UK Police probe Kenyan pastor over ‘miracle babies’

UK police are investigating a London-based Kenyan pastor following revelations in a BBC documentary suggesting babies are being trafficked from Kenya.

Police sources at New Scotland Yard told the Sunday Standard in London that Metropolitan Police are investigating Archbishop Gilbert Deya, a London based Kenyan evangelical religious movement leader who claims he can create “miracle babies” for childless couples.

The multi millionaire TV evangelist also allegedly claimed he can exorcise demons from women past menopause or who are infertile.

The Royal College of Obstetrics and Gynaecology, Church of England and Children Charities in UK have called for an investigation into the claims, saying Deya’s actions are a front for baby-trafficking.

The practice has been criticised by Dominic Walker, the Bishop of Monmouth, who has also called for urgent police investigation.

Baby sale

BBC’s Face the Facts programme broadcast on Radio 4 on Friday investigated Archbishop Gilbert Deya, who heads a rapidly expanding evangelical movement said to number about 36,000 members in Britain.

The ministry has 14 branches in Britain, with missions in Africa, Asia, and Europe.

The BBC revealed the Gilbert Deya Ministries takes women to Kenya, where they give birth, often apparently after just a few weeks of pregnancy.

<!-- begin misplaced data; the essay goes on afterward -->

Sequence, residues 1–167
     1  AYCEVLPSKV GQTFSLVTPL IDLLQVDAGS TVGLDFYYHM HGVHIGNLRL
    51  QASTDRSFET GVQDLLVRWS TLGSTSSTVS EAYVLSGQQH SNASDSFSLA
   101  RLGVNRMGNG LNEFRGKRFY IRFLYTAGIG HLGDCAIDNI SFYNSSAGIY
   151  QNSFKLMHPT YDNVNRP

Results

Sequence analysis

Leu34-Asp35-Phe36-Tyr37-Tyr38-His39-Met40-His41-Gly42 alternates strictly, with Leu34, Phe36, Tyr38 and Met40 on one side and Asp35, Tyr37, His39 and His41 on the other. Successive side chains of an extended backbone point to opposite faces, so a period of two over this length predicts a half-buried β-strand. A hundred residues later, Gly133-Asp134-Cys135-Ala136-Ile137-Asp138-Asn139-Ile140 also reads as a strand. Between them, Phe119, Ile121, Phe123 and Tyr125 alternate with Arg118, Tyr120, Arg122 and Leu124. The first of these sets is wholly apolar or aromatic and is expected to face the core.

Deya, who preaches regularly on KBC TV, world wide digital and cable channels, said he helps women who are unable to conceive naturally by proclaiming them pregnant – after an exorcism. He then sends them to backstreet clinics of Nairobi’s slums, where they apparently give birth.

Although pregnancy tests and ultra sound scans have shown no presence of a baby, women who have used his services claim they have displayed all the visible signs of being pregnant.

Yesterday, Revered Benjamin Mensah, who runs Deya Ministries in Manchester and Merseyside, defended his church and said it helps women who cannot conceive to have “miracle” babies.

Mensah said in an interview with BBC Manchester that it was up to doctors to explain why the DNA of the babies indicates they are not related to the women the church helps.

Yesterday, it emerged that a Manchester woman is among those on the church’s list waiting to go to Kenya to get a ‘miracle baby’.

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